vROps “Object Oriented” Permissions – Part 2

hapy-ballsIn the previous post for this series, we’ve started with the basics by creating two custom groups and connect our vROps instance to the domain. I this part we will work some “object oriented” permissions magic.

 

There are few more configurations needed in order to use “object oriented” permissions, which I will cover in this post:

  • Create vROps Access Control Group
  • Share a Custom Dashboard
  • Assign Object Permissions
  • Test & Validate

A bit of a background…

In my lab I have two fictional users named Johnnie Walker which is the vSphere admin and responsible for the vCenter servers VMs and Jack Daniel which is the Cloud Platform admin and responsible for the vRA servers VMs.

Those two users are members of the same AD security Group called “VI Cloud Admins”.

I have also pre-configured the custom dashboard from the previous post diagram which is called “Root Cause Analysis”. Later in this post we will go over the relevant configurations for this dashboard.00

vROps Access Control Group

The first step is to import the “VI Cloud Admin” as a new vROps Access Control Group.

Under the Administration tab, hit the “Access Control” and go to the “User Groups” tab and click the “Import Group” button.

Search for the AD group you wish to add, select to import it and click “Next”. To keep things simple, I’ve selected the pre-defined “Read Only” role.

Because we are not assigning object permissions on a group level no need to go to the “Objects” section – this is exactly what vROps is warning us about.01

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After the group has been created you will see it under the “User Groups” tab with its members (those will be added automatically).04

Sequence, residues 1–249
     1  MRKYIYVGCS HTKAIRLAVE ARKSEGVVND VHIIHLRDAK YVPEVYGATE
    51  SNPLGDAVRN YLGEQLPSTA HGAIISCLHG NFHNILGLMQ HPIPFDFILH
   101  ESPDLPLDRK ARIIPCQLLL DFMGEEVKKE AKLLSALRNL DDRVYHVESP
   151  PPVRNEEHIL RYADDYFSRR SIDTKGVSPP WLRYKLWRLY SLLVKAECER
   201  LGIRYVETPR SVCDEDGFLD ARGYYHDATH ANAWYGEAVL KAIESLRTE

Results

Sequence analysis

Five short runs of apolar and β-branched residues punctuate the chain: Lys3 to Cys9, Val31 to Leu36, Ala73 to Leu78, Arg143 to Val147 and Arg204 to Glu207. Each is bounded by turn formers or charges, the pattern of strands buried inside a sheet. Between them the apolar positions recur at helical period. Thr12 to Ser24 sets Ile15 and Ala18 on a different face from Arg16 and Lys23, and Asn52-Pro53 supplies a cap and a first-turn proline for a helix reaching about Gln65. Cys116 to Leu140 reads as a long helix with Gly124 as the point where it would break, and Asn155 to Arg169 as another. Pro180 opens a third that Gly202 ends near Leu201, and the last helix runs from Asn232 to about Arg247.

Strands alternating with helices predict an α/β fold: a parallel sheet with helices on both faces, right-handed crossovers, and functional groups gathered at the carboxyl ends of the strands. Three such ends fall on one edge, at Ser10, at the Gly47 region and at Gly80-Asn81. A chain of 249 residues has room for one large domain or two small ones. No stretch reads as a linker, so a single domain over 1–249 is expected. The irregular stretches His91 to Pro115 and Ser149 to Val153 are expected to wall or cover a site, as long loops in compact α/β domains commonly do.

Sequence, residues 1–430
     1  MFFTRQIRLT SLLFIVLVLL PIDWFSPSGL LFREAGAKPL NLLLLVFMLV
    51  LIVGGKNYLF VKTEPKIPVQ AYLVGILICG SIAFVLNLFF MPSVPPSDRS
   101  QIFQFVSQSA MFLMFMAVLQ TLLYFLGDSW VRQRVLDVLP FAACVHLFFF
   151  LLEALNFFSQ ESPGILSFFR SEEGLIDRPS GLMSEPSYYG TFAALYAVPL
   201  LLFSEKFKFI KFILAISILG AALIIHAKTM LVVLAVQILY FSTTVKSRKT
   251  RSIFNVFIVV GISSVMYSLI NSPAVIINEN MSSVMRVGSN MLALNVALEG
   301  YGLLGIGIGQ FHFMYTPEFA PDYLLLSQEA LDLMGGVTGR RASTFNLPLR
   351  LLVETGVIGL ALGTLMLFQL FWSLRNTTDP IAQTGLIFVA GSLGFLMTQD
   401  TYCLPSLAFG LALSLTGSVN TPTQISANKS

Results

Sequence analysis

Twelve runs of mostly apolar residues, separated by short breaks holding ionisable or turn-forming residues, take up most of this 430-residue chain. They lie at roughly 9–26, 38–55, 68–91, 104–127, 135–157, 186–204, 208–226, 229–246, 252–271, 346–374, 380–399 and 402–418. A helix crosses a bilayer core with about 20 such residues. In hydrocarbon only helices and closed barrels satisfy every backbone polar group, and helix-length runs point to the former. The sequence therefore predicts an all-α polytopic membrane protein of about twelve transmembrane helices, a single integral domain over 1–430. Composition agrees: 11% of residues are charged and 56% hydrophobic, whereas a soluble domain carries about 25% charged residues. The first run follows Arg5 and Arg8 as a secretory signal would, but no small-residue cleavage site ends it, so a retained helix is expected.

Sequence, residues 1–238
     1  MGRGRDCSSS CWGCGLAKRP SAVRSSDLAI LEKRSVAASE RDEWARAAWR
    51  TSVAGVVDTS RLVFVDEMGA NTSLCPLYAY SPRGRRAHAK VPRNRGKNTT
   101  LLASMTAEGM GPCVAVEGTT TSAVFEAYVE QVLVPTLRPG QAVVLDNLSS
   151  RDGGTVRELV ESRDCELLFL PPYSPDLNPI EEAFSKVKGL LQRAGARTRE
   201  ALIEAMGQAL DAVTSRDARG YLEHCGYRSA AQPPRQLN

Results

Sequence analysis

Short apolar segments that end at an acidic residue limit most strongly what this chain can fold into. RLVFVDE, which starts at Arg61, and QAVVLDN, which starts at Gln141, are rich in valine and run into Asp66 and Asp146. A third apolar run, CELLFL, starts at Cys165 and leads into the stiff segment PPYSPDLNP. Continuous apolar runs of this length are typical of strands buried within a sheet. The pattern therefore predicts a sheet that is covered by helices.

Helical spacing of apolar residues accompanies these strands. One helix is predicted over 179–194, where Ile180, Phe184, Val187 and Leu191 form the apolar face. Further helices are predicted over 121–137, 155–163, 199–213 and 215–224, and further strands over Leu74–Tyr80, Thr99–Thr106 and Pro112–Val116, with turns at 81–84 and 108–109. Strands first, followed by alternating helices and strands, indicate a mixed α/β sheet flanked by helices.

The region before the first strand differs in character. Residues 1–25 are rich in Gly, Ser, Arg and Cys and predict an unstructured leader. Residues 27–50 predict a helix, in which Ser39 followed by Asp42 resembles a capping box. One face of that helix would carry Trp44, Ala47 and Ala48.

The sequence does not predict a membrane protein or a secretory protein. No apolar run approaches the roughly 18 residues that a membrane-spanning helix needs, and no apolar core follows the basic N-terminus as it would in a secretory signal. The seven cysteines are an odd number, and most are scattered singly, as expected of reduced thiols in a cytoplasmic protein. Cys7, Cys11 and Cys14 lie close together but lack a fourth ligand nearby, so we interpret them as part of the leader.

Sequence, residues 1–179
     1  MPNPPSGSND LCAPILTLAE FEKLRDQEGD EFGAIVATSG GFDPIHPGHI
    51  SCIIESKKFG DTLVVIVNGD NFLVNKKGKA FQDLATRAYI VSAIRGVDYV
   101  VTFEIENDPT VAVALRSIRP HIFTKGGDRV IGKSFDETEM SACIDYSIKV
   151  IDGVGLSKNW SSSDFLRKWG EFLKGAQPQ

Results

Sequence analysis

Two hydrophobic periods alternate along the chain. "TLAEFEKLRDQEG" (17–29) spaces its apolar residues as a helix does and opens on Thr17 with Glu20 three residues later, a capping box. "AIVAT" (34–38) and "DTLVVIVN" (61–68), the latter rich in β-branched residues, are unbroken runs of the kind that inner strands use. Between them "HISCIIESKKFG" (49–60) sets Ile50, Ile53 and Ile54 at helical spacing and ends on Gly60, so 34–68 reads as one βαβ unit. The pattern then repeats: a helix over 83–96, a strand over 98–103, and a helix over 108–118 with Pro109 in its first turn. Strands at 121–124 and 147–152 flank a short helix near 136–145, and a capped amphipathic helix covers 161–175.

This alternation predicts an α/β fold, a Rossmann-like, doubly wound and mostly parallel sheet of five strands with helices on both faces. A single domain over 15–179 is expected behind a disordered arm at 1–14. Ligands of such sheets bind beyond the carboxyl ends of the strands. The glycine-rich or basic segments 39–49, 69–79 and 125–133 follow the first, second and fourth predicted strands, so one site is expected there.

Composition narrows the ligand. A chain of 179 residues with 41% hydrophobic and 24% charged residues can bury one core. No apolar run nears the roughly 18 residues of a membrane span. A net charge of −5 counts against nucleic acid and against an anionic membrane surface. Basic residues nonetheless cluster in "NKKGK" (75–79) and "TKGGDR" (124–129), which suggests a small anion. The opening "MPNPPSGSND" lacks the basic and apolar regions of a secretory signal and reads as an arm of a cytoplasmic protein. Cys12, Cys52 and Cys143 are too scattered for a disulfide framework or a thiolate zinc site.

Share a Custom Dashboard

In order for Johnnie and Jack to be able to use the “Root Cause Analysis” dashboard, it must be shared.

Note: If you are using Google Chrome as your browser with the use of the “AdBlock” plugin, I suggest you turn it off before moving forward with the configurations.05

Go to the “Content” tab and hit the “Share Dashboards” configuration.06

Drag the dashboard you want to share towards the Access Control group you would like to share the dashboard with.07

08Notice how the dashboard is now marked as “Shared” and click the “Save” button to continue.

At this point, both Johnnie and Jack will be able to log in and see the dashboard but will not see any data presented to them, the next part will explain why…

Assign Object Permissions

Before jumping to the last part, let’s review the filtering configurations for both the “Object List” and the “Heatmap” widgets in my “Root Cause Analysis” dashboard.

As you can see, the two widgets are configured to filter and present only data coming from the Custom Groups we’ve created in the previous post – “xLab vCenter Servers” & “xLab vRA Servers”.

The numbers next to the group name represent the amount of objects it contains.09

Don’t mind the CPU Demand values configured in my “Heatmap” widget. I wanted to show some color differences and for that I had to put low values since currently I don’t have much going on in my lab  🙂10

Now that we know how the widgets “under the hood” looks like, go back to the “Access Control” section under vROps “Administration” tab.

Under the “User Accounts” tab, select the user you would like to associate objects to. As I mentioned, in my case Johnnie Walker is the vSphere admin and responsible for the vCenter servers VMs and Jack Daniel is the Cloud Platform admin and responsible for the vRA servers VMs.

On the bottom right corner, hit the “Edit” button under the “Associated Objects” section.11

Expend the Custom Groups section and mark the relevant custom group (mark the “Propagation” box as well).

  • Johnnie Walker gets permissions to “xLab vCenter Servers” Custom Group
  • Jack Daniel gets permissions to “xLab vRA Servers” Custom Group12

13Test & Validate

The only thing that is left is to log in using the domain account and see if the filtering works.14

Notice how Jack can see only the vRA servers VM objects and Johnnie only the vCenter servers VM objects while looking at the same custom dashboard.15

16“Object Oriented” permissions are very powerful, covers a lot of use cases and open a world of vROps possibilities.

I hope you enjoyed this 2-part series and as always, let me know if you have any comments 🙂

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